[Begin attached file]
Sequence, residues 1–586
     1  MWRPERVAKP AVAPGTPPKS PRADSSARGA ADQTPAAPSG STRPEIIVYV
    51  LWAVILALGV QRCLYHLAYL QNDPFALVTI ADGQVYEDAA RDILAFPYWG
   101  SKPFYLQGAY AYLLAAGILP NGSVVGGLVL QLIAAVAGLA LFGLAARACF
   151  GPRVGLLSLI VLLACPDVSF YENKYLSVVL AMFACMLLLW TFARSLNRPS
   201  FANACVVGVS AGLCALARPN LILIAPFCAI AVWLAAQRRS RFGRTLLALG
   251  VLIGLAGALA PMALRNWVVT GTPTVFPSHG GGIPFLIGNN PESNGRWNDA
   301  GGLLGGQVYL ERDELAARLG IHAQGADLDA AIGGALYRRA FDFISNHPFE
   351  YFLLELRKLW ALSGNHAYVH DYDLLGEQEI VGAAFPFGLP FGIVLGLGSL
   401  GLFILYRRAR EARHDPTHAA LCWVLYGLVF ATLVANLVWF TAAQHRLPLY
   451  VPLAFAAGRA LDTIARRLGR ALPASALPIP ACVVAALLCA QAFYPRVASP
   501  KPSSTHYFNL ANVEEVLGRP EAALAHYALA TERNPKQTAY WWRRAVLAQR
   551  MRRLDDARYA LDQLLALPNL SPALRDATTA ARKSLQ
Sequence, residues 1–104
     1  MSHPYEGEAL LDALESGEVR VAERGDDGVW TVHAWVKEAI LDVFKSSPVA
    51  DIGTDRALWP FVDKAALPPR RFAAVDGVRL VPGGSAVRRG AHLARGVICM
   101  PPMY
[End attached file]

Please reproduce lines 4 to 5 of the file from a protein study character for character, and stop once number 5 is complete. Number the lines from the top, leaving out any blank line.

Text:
   101  SKPFYLQGAY AYLLAAGILP NGSVVGGLVL QLIAAVAGLA LFGLAARACF
   151  GPRVGLLSLI VLLACPDVSF YENKYLSVVL AMFACMLLLW TFARSLNRPS